Additionally, the necessity of applying ever-increasing amounts of synthetic fertilizers and indiscriminate herbicides to lawns has taken a toll on plant and animal biodiversity, pollinators and the microorganisms found in soils. These are not only vital for nutrient recycling and a well-functioning ecosystem, but honeybees and other pollinators are crucial to food security in the U.S., maintaining fruits, nuts and vegetables. In fact, some crops, such as almonds, are almost exclusively pollinated by honeybees.
Unfortunately, many traditionally landscaped lawns lack the plant diversity needed to provide important food sources for birds, bees, butterflies and other pollinators whose populations are steadily declining.
And then there’s the water issue. Perhaps nowhere else in the U.S. is the absurdity of the traditional American lawn more evident than here in the arid Southwest.
According to the Denver-based nonprofit Colorado Waterwise, more than half of all potable water in the state is used on landscapes, with much of it going toward irrigating turf grass. Tragically, a lot of outdoor water used for lawns is wasted due to faulty sprinklers, over-watering or evaporation, particularly when watering during the hottest parts of the day.
A New Paradigm
In regenerative landscaping, design favors an array of drought-resistant, wildlife-friendly flowers, grasses, shrubs and trees that enhance biodiversity while also implementing an aesthetic design, Safford said. As the trend toward more sustainable yards gains traction, even small changes to landscaping practices can make a difference.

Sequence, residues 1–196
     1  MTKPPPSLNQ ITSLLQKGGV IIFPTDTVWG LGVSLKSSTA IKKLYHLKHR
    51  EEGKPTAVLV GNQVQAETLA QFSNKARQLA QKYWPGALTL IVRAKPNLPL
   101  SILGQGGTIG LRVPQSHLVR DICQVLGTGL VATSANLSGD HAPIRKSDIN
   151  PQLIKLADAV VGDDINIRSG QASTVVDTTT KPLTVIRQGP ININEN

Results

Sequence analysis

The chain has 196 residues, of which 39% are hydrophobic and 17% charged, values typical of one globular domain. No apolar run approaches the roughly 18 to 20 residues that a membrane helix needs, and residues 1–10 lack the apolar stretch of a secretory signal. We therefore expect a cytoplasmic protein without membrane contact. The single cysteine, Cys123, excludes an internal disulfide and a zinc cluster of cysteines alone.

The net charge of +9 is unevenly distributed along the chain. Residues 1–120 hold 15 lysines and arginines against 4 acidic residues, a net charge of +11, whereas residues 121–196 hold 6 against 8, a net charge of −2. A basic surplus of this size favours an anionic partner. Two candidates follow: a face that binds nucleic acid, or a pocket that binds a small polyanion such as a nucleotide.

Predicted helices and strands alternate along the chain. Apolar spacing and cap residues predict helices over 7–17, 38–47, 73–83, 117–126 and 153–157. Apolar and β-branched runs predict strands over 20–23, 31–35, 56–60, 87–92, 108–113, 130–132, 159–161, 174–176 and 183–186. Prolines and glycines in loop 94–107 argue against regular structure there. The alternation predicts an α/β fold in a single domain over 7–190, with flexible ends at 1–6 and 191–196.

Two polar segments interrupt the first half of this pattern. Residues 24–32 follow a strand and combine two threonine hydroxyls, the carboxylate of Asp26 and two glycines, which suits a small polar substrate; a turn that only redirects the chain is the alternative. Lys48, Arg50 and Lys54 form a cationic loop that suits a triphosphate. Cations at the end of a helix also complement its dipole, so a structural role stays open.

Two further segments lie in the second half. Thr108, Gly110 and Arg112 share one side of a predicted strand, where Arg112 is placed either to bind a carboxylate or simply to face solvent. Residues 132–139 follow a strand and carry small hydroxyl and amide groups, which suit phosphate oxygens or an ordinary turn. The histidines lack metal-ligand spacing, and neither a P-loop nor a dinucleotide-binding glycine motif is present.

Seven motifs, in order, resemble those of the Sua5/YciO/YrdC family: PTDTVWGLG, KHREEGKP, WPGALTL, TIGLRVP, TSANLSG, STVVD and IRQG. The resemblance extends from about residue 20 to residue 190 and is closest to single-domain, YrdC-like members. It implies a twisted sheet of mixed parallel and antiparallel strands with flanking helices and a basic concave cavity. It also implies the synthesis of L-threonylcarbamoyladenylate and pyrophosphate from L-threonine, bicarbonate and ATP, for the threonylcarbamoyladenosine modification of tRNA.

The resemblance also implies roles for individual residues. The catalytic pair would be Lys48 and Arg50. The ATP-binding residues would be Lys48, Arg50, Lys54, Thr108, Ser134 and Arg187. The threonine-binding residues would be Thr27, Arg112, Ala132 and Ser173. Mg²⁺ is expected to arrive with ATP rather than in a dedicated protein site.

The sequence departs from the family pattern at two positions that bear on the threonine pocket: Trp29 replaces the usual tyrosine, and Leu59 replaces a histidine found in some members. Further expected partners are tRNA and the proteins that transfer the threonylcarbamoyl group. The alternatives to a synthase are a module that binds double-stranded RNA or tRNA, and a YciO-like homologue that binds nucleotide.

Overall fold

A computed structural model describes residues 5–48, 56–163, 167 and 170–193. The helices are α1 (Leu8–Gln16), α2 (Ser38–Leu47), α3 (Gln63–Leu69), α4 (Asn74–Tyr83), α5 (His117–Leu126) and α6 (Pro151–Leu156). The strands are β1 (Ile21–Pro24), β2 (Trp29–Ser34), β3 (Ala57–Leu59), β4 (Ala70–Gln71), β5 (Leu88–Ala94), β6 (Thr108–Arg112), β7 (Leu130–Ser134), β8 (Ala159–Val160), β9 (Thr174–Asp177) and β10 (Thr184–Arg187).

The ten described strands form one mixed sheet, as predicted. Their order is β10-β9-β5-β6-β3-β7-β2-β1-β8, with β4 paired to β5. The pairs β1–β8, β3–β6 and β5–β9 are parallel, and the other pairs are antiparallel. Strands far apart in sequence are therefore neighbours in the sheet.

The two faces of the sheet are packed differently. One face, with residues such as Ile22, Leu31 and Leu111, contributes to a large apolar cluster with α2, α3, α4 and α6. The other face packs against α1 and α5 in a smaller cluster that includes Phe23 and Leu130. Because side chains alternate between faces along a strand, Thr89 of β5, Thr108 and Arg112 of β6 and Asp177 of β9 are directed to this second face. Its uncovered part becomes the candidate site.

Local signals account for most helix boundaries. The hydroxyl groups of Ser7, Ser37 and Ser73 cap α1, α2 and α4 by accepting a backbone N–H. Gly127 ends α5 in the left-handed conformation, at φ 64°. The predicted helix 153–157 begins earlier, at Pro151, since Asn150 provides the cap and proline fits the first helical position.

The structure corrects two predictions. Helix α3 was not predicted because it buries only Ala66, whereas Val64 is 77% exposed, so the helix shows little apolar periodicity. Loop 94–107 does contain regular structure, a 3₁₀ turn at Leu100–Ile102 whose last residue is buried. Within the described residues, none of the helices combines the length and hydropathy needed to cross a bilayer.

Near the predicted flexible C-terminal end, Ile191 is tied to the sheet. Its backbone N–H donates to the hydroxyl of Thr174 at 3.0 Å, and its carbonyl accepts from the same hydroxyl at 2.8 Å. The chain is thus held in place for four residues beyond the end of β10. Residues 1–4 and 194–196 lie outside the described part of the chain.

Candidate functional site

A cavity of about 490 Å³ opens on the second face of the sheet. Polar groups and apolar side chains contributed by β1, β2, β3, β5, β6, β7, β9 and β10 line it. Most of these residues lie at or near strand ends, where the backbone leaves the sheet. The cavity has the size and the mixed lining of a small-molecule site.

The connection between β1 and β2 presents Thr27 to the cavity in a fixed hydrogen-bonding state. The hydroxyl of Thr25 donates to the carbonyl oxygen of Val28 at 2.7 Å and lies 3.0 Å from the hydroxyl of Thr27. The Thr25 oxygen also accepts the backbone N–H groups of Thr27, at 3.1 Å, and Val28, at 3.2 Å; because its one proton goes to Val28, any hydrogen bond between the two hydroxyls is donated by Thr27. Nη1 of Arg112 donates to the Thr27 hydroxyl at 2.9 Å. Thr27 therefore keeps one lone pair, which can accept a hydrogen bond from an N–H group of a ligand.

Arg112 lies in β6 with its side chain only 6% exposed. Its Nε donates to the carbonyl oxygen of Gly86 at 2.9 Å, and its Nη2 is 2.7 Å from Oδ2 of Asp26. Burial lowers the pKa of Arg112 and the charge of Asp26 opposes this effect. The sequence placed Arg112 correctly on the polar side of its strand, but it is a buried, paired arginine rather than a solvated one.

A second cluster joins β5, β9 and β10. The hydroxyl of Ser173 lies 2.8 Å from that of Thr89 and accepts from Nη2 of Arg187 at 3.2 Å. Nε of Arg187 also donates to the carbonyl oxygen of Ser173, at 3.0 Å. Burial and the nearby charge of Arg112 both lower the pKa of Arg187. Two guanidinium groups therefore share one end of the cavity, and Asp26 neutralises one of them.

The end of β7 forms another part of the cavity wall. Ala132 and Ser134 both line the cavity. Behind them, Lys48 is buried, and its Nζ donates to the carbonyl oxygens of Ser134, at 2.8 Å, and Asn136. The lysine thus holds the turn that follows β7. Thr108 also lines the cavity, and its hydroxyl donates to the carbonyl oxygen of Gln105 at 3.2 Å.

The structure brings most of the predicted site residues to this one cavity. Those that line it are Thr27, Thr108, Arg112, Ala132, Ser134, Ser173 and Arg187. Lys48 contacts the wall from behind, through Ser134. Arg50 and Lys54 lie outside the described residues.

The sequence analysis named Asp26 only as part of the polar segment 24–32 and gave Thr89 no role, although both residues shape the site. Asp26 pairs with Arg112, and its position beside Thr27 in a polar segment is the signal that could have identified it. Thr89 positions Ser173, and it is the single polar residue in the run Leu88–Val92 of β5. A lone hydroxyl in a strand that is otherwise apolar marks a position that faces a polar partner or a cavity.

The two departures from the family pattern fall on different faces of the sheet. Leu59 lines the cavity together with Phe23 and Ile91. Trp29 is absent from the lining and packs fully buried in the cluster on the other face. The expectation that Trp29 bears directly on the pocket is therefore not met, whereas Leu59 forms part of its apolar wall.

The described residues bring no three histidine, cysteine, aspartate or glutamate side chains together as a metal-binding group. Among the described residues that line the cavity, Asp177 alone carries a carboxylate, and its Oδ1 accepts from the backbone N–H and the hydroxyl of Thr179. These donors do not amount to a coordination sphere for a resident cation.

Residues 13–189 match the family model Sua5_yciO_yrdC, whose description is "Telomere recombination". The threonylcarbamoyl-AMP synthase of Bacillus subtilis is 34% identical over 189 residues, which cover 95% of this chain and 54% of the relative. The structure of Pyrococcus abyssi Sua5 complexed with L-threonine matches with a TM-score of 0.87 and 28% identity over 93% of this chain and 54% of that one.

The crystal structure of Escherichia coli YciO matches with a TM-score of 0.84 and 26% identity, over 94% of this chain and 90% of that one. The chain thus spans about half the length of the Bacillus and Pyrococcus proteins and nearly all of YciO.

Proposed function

For those just beginning to rethink their lawn, she has a few suggestions:
• If mowing your grass, keep it 3 inches or higher;
• Make sure to keep the clippings on the grass;
• Apply organic fertilizer such as compost or compost tea, and allow nitrogen-fixing plants, such as clover, to grow for increased soil and plant health.
To learn more, attend the Durango Botanic Gardens Great Garden Series talk on regenerative landscaping on May 24 at 4:30 p.m. at the Durango Public Library, which will include a talk from a representative from Blooming Landscape & Design.
Also, check out projectdungbeetle.org for information on the Regenerative Landscaping Speaker Series, running May through September. ?